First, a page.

Ramírez left Mexico as a young man to seek employment in the United States. He worked for a short time with railway construction crews, but was soon unable to cope with the pressures of his new life in California and was diagnosed as paranoid schizophrenic. Ramírez spent the remainder of his life in California mental hospitals. After 1940, while institutionalized at the DeWitt State Hospital near Sacramento, he assembled his memories on pieces of scrap paper, pasted together with improvised adhesives, and drew his precise, dense, and repetitive marks and shapes with scavenged pencils, crayons, and markers.
The art of Martin Ramírez presents a world of patterns and repetitions based on cultural iconography and personal, idiosyncratic symbols. In this drawing, [Untitled (Church), SAAM, 1986.65.192] the symmetrical structures of a Baroque church recall buildings undoubtedly familiar to him from his native Mexico. The towers, façade, central domes surmounted by crosses, and the roofed arcade are all common elements in Spanish Colonial and Mexican mission architecture. The dark, arched doorway recalls the tunnel imagery that Ramírez repeated in many of his approximately three hundred drawings.
Lynda Roscoe Hartigan Made with Passion: The Hemphill Folk Art Collection in the National Museum of American Art (Washington, D.C. and London: National Museum of American Art with the Smithsonian Institution Press, 1990)
Martín Ramírez came to the United States from Mexico as a young man. His physical frailty, as well as the shock caused by a new culture and language, led to his eventual mental breakdown. In 1930 he was placed in an institution, where he remained until his death in 1960.
Around 1948, Ramírez began to draw on an eclectic array of paper surfaces—brown wrapping paper, laundry lists, paper cups, old letters—which were glued together to form a unified drawing area. He made use of a variety of tools and techniques, including crayons, colored pencils, watercolors, chalk, ink, and collage.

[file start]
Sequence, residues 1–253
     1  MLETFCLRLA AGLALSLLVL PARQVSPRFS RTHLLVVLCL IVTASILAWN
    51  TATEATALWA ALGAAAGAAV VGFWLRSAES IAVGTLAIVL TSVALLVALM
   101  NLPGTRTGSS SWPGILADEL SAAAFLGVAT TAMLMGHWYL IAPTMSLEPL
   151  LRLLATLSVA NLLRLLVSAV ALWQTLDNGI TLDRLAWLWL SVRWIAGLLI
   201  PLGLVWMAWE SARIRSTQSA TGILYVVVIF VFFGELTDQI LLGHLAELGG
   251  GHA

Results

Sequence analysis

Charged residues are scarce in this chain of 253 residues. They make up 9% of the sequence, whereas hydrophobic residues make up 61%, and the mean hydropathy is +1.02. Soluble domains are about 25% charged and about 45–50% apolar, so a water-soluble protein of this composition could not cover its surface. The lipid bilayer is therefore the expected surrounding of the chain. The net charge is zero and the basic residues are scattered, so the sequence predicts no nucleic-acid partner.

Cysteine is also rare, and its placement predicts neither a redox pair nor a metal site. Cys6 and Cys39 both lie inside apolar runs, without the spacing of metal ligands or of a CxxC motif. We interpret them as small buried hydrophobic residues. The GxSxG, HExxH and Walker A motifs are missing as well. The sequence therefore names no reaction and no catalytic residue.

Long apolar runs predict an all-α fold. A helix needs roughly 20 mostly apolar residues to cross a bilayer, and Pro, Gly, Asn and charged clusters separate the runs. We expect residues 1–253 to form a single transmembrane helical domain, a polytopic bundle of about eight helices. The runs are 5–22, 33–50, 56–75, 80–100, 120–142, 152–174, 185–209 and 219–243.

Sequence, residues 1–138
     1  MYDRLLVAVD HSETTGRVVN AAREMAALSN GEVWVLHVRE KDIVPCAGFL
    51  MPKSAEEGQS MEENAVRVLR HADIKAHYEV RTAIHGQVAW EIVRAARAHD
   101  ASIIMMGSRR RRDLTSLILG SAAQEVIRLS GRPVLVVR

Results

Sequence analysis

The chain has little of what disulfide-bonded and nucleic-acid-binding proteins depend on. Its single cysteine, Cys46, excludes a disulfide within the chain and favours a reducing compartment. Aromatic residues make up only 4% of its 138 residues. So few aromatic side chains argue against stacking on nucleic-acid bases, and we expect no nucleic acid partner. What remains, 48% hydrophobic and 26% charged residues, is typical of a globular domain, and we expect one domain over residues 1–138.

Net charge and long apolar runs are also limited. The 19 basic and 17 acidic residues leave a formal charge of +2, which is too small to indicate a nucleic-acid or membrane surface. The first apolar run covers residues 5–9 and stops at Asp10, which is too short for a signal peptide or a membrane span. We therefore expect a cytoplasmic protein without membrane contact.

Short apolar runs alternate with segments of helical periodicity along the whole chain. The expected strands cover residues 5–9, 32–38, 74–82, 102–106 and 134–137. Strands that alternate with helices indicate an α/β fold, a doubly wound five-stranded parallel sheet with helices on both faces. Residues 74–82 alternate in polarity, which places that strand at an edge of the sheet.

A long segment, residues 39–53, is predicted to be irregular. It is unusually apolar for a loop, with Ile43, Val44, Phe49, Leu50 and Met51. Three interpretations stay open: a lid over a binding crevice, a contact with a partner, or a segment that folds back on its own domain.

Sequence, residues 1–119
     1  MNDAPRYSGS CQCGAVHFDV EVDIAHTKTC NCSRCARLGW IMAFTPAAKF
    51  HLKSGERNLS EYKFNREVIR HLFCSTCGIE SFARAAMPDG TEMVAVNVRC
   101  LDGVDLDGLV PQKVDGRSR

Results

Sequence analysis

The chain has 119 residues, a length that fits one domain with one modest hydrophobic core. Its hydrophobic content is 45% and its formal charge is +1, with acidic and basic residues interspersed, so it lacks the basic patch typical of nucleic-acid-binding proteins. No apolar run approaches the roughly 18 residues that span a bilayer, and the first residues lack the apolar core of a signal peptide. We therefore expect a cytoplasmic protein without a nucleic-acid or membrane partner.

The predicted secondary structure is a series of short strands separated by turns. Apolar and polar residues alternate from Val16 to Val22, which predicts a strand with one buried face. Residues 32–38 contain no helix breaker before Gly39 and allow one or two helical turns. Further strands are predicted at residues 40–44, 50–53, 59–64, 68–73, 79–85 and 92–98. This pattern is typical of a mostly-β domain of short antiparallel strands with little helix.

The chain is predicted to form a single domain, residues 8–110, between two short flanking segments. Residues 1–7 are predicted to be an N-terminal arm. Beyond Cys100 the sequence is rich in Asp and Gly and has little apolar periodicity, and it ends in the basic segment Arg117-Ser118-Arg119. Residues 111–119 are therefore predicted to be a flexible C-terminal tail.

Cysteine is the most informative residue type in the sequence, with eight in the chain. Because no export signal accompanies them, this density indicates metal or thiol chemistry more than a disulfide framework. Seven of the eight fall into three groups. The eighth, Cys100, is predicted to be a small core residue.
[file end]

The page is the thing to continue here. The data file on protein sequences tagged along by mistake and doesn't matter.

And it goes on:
Ramírez’s motifs reflect his life in two distinct cultures. His highly patterned, intricate drawings present fantastic renditions of subjects such as Mexican soldiers, Madonnas, prairie dogs, cars, and trains. In terms of technique, what is most extraordinary in Ramírez’s art is his use of line to create the many different kinds of space—niches, frames, stages—in which his protagonists are placed. Although flatness characterizes the overall effect of his technique, the numerous parallel lines in Ramírez’s work bring about a sense of visual depth.
In Soldado with American Flag, [SAAM, 1986.65.194] the action takes place, as in many related Ramírez drawings, on what can be described as a stage. Directly below the soldier on horseback, who holds center stage, is another drawing in which two animals are portrayed inside a similarly constructed stage. Although Ramírez’s central image has a wonderful and playful quality, the proximity of the two seemingly unrelated scenes lends the work an air of potent mystery.
Hispanic-American Art (brochure, Washington, D.C.: National Museum of American Art)